Here is a summary of the symptoms we’ve had.

Fatigue. The predominant symptom has been severe fatigue. I’m a person who rarely needs more than 7 hours of sleep, and I sometimes go through periods of getting 6 hours or less. But during this Covid episode, I have slept 10 hours some nights, and then napped in the afternoon. Jan, too, has had overwhelming amounts of fatigue, often spending most of the day in bed—quite uncharacteristic for her. I have at least been able to spend multiple hours each day sitting up at the computer and participating in Zoom calls. On many days, Jan has lacked even the energy needed for sitting up.

Fever/heart rate. I ran a constant fever, generally low, from January 7 through 11. It was typically 98 or 99, one or two degrees above my normal. It returned to the upper 96s and lower 97s (my normal range) on the 12th and has remained normal since. Jan ran a low fever for three days, but it has since disappeared. Jan also noticed that her heart rate, as recorded by her Fitbit, was abnormally high during the time she had the fever. Her resting rate is around 70, but it was 76 during that period. Her high heart rate may have contributed to the difficultly she often had in sleeping, in spite of her fatigue.

Chills/blue hands. I only had one episode of severe chills, on January 6, but for a week after that I was cold every afternoon and evening, regardless of the room temperature. I would put on my winter coat around 2PM and wear it until bedtime. Jan hasn’t had chills, but she has had sudden, unexplained episodes of cold feet. And one day, her hands turned oddly blue, especially the veins and the areas surrounding the fingernails. She found that holding them under warm water was enough to restore their normal color.

Cough. Jan has had significant bouts of coughing and continues to cough now and then. I have had occasional coughing, but nothing like Jan.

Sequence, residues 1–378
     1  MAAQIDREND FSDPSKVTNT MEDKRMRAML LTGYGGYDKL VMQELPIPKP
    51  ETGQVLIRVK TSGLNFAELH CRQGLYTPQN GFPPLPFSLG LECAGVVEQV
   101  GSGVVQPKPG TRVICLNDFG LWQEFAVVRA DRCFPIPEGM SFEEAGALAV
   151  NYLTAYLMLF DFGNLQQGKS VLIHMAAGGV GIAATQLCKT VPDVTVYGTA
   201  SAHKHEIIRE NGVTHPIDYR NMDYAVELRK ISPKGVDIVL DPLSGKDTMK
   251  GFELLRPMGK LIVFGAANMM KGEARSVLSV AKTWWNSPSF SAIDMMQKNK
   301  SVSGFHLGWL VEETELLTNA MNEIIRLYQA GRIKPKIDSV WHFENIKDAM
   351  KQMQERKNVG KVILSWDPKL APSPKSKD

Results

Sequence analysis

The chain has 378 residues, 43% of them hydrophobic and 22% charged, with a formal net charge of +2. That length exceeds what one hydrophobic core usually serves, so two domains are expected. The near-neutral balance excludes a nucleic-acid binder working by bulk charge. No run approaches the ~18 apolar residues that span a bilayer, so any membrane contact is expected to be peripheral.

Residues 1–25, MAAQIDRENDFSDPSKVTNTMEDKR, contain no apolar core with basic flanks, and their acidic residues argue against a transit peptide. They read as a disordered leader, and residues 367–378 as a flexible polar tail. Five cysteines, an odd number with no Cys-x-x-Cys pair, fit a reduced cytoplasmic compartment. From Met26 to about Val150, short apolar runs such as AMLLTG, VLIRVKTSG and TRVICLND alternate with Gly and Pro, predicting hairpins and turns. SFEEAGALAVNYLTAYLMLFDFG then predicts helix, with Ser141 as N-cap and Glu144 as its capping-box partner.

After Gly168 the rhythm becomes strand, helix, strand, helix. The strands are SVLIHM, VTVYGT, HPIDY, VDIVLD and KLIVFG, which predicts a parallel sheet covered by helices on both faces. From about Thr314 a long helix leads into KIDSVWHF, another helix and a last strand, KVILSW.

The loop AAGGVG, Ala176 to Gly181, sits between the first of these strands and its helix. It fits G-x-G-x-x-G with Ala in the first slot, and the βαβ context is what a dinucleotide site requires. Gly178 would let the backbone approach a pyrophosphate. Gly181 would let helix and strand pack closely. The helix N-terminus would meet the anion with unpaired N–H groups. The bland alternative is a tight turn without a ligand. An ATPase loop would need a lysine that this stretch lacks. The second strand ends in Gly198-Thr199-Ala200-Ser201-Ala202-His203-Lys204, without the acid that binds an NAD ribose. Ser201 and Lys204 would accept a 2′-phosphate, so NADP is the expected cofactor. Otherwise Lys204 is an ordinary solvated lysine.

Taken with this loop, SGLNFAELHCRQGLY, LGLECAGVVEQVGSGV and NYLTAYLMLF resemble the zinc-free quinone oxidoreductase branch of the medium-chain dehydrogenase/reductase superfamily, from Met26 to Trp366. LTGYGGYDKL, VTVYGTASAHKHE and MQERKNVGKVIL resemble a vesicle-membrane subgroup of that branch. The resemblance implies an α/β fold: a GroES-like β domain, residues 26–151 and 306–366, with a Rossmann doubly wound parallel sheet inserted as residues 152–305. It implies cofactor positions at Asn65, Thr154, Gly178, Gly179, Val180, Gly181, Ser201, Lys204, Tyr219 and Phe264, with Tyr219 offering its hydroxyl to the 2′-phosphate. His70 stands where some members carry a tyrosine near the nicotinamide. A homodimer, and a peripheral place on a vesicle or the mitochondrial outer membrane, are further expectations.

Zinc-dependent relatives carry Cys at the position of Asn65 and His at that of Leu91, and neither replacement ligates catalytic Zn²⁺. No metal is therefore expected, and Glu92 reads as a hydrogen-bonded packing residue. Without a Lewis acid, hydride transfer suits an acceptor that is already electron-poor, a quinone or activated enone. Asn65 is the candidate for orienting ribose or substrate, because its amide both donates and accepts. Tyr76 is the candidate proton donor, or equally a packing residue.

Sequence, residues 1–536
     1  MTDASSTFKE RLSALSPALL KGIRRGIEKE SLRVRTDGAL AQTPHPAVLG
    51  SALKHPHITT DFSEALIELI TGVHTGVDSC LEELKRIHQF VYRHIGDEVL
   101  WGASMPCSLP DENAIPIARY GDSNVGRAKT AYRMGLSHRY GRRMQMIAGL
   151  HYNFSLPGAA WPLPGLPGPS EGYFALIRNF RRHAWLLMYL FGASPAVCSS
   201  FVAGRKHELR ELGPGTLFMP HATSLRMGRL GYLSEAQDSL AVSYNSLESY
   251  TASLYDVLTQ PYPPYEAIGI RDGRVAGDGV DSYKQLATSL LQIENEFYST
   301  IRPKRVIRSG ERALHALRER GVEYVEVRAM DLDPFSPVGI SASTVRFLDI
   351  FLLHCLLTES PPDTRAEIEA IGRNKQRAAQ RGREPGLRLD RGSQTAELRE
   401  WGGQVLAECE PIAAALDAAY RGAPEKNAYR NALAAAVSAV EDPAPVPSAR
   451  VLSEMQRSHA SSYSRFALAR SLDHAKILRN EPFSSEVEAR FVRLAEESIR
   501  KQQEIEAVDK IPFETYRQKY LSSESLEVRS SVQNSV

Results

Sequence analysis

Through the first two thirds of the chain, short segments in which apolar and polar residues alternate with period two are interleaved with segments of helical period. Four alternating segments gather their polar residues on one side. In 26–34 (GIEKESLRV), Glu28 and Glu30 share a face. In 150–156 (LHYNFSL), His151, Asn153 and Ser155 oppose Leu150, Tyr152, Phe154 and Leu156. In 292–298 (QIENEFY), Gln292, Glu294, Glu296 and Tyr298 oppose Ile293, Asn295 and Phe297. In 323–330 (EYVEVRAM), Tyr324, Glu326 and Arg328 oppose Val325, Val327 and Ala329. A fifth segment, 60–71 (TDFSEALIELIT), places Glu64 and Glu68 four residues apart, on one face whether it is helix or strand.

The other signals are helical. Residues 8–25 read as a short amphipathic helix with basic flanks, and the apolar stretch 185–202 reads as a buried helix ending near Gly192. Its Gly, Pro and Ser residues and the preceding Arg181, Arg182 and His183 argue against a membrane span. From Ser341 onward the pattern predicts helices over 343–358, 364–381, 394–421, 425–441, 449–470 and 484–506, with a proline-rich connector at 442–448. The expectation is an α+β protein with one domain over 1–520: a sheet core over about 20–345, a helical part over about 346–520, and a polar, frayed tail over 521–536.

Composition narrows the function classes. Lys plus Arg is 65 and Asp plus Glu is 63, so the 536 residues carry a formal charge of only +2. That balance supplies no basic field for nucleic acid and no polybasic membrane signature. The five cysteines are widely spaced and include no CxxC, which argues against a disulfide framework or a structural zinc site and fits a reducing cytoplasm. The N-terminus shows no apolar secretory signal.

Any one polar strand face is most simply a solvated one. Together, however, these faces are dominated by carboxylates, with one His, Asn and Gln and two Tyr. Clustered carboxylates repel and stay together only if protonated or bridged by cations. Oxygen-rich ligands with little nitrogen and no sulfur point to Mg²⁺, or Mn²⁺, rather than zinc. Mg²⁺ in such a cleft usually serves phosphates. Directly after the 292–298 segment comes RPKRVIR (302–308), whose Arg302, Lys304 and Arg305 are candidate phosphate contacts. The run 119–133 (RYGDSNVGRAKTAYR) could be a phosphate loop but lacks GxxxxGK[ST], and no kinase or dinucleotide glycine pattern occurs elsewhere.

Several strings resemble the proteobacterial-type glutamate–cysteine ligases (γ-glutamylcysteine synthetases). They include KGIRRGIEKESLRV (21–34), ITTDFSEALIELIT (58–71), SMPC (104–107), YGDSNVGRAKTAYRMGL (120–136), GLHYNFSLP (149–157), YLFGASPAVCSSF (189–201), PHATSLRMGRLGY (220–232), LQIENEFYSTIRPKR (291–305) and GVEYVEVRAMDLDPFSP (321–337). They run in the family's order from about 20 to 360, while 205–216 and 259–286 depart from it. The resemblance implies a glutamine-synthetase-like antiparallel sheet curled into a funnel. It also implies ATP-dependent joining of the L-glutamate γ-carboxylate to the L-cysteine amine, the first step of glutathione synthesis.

Dry mouth. Both Jan and I went through periods of a couple of days of intensely dry mouths. Drinking lots of water did not help, but the dryness gradually went away.

Taste/smell/appetite. For me, the most jarring symptom has been the loss of taste and smell. I say “jarring” because it was so sudden and absolute—unlike anything I have experienced in any previous illness. On the morning of January 10, I cut an orange in half and squeezed out the juice. That would normally involve a pungent orange smell. But I smelled nothing. Even when I covered my nose with the squeezed-out orange rind—nothing. When I drank the juice, I couldn’t taste it. I had already lost my appetite some days earlier.

My taste and smell are recovering (starting around January 12), but the process is strange. I’m a coffee drinker. I drink it black, and I grind my favorite dark-roast beans before making each cup. I continued to drink a limited amount of coffee after losing my sense of taste—and it could not be differentiated from hot water. Then, I started to get some taste back and my coffee tasted terrible. It reminded me of the coffee you sometimes get in diners that has been sitting far too long on a hot burner. Similarly, I tried tasting a sip of sherry, and it tasted medicinal—nothing like sherry. Other foods tasted OK, however. The taste of both coffee and sherry seems to be gradually returning, but I can tell it will take a while.